Talk to your therapist about this, as there are ways to minimize it both with medication and talk therapy. Cognitive-behavioral is great for that sort of thing. Lifestyle, too - just like any other anxiety symptom this one can be triggered by stress.

Feel free to shoot me a memail or email if you want to talk/vent sometime. Knowing this stuff happens to other people was helpful for me - ya don't want to wish it on anybody, and yet it is immensely relieving to know that you are not alone.
posted by cmyk at 10:14 AM on August 21, 2012 [1 favorite]

Since it only happens in public, it sounds to me like it's probably a manifestation of agoraphobia. Which is normal (i.e. you're not a freak) in the sense that it's often associated with PTSD and panic disorder. But definitely something to talk about with your therapist.
posted by ErikaB at 10:20 AM on August 21, 2012

I have OCD and this definitely happens to me, for what it's worth.
posted by ariadne's threadspinner at 12:36 PM on August 21, 2012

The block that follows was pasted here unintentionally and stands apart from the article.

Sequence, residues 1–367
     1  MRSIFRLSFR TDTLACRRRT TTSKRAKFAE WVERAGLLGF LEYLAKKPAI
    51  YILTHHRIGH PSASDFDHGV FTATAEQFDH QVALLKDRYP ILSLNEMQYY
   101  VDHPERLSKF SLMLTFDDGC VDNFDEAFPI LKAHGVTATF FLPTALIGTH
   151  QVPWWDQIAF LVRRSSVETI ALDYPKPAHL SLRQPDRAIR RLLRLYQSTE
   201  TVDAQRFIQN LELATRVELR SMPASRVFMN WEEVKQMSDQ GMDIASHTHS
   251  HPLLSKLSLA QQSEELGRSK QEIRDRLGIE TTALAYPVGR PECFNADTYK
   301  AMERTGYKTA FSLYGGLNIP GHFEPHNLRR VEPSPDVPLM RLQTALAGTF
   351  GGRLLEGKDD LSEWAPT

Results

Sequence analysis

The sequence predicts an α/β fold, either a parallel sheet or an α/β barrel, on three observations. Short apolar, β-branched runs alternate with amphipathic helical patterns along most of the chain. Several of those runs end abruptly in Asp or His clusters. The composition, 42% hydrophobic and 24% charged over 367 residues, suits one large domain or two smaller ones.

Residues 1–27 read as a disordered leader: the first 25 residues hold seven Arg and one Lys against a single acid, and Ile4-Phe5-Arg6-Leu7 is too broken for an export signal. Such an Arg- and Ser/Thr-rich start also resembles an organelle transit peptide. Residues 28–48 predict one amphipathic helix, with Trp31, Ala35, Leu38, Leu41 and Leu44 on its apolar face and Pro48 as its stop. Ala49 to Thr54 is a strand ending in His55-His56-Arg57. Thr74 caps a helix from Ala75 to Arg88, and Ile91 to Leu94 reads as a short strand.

To me it sounds like you're experiencing an intense emotion of shame, which Charles Darwin believed to be one of the hardwired emotions all humans experience. In my opinion it's as fundamental as fear, anger, or disgust, and in most descriptions I've seen, a hallmark feature of shame is the desire to cover up or hide. Article from Psychology Today.
posted by Dixon Ticonderoga at 12:47 PM on August 21, 2012 [1 favorite]

I have retreated to a bathroom when anxious or upset since I learned how to use a toilet (mostly because the door locks, but it IS the best place to withstand a long seige).